Northern spotted owls live in forests characterized by dense canopy closure of mature and old-growth trees, abundant logs, standing snags, and live trees with broken tops. Although they are known to nest, roost, and feed in a wide variety of habitat types, spotted owls prefer older forest stands with variety: multi-layered canopies of several tree species of varying size and age, both standing and fallen dead trees, and open space among the lower branches to allow flight under the canopy. Typically, forests do not attain these characteristics until they are at least 150 to 200 years old.
Description and Life History
A medium-sized, chocolate brown owl with dark eyes, the northern spotted owl is a nocturnal "perch-and-pounce" predator that captures its prey (primarily small forest mammals) with its claws. Like most owl species, the spotted owl nests in the tops of trees or in cavities of naturally deformed or diseased trees. Spotted owls primarily mate for life and may live up to 20 years. Although the breeding season varies with geographic location and elevation, spotted owls generally nest from February to June. One to four (usually two) pure white eggs are laid in the early spring and hatch about a month later. During incubation, the male typically does most of the foraging and brings food to the female and the young owlets. At three to four weeks of age, the owlets are able to perch away from the nest, but still depend on their parents for food. Predation on these juveniles by great horned owls and other predators is high at this time and many do not survive. Parental care of the juveniles generally lasts into September when the young owls finally take off on their own. This period, too, is hard for the young birds, and starvation is common in the first few months on their own.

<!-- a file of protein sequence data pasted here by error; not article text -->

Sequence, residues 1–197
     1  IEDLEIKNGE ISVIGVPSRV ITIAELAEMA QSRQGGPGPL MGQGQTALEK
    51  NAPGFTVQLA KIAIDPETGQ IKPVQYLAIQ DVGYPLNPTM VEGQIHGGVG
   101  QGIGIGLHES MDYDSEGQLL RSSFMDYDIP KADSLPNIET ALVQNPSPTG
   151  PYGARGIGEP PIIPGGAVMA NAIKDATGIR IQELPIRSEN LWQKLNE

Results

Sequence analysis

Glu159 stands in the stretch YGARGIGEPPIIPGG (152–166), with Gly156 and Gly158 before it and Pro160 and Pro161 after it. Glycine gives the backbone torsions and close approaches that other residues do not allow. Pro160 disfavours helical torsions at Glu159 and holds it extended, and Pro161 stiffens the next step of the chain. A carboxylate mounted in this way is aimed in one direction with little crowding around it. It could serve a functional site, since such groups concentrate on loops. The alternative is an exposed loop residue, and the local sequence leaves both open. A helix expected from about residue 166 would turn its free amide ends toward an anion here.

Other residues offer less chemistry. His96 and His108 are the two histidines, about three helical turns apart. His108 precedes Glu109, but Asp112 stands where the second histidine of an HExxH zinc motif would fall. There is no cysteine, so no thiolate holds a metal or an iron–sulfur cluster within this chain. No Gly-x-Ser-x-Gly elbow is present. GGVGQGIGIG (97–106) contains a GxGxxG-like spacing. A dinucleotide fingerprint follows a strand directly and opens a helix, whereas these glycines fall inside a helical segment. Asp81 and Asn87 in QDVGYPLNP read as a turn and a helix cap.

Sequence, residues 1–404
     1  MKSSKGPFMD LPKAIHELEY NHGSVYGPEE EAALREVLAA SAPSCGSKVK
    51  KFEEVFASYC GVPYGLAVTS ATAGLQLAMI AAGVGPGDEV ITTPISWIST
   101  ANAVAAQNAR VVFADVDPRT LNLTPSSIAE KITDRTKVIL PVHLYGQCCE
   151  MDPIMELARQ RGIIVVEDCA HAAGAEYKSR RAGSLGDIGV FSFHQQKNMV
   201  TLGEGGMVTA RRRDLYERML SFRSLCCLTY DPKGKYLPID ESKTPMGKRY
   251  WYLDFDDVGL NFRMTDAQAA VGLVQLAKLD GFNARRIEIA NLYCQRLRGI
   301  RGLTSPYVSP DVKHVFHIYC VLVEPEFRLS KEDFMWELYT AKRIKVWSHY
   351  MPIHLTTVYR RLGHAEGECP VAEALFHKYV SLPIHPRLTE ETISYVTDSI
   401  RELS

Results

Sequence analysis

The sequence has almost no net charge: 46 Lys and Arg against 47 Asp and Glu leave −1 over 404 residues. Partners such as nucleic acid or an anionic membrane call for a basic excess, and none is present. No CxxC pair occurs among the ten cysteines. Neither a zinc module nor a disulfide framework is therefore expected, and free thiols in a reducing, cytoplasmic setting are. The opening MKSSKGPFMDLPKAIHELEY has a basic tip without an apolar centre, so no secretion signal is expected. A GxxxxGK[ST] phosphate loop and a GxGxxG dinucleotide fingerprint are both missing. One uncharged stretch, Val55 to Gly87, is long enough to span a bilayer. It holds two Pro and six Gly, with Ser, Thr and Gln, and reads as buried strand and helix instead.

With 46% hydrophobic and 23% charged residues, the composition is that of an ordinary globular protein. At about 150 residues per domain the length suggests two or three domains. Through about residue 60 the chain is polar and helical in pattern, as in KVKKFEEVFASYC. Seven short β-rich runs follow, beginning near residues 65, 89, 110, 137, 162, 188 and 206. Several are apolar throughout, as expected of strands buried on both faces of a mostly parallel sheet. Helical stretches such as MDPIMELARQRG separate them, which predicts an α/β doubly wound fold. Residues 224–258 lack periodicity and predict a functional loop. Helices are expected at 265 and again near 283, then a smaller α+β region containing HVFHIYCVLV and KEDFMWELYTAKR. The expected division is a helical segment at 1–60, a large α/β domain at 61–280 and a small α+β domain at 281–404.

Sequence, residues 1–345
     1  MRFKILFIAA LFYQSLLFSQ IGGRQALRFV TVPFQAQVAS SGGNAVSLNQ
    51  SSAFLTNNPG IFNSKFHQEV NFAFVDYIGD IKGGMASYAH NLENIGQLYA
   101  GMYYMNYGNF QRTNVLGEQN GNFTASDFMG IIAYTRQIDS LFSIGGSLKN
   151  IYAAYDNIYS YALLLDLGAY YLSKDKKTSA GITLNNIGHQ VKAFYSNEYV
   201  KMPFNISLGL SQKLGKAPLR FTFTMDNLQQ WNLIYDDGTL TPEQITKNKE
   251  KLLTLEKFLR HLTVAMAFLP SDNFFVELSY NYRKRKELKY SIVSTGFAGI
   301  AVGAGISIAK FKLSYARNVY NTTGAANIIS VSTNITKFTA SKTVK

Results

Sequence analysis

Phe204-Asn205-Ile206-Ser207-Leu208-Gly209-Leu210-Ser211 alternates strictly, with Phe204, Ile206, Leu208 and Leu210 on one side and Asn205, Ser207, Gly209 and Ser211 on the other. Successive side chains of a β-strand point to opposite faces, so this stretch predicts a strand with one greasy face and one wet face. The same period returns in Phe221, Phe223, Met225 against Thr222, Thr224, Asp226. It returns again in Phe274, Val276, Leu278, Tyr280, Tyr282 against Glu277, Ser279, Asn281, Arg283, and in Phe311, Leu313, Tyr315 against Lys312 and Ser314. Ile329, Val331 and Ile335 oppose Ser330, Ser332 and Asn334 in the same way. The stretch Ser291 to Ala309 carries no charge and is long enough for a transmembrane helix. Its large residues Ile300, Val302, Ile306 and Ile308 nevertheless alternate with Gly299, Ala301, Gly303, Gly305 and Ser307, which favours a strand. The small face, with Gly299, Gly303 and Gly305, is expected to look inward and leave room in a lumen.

Reasons for Decline
Prior to the listing of the northern spotted owl, timber harvesting and land conversions resulted in the loss of owl habitat. Forests with the late-successional and old-growth characteristics preferred by spotted owls are also preferred for timber harvesting to meet the demand for all types of forest products. As the amount of suitable habitat declines, so does the number of spotted owls. When spotted owls are forced to live in small patches of forest they become more susceptible to starvation, predation, or further loss of habitat due to natural destruction such as windstorms. More recently, competition from encroaching barred owls also has caused an apparent decline in spotted owls across most of their range. Barred owls are larger than spotted owls and more aggressive and have a broader diet which makes them more resilient to declines in habitat quality.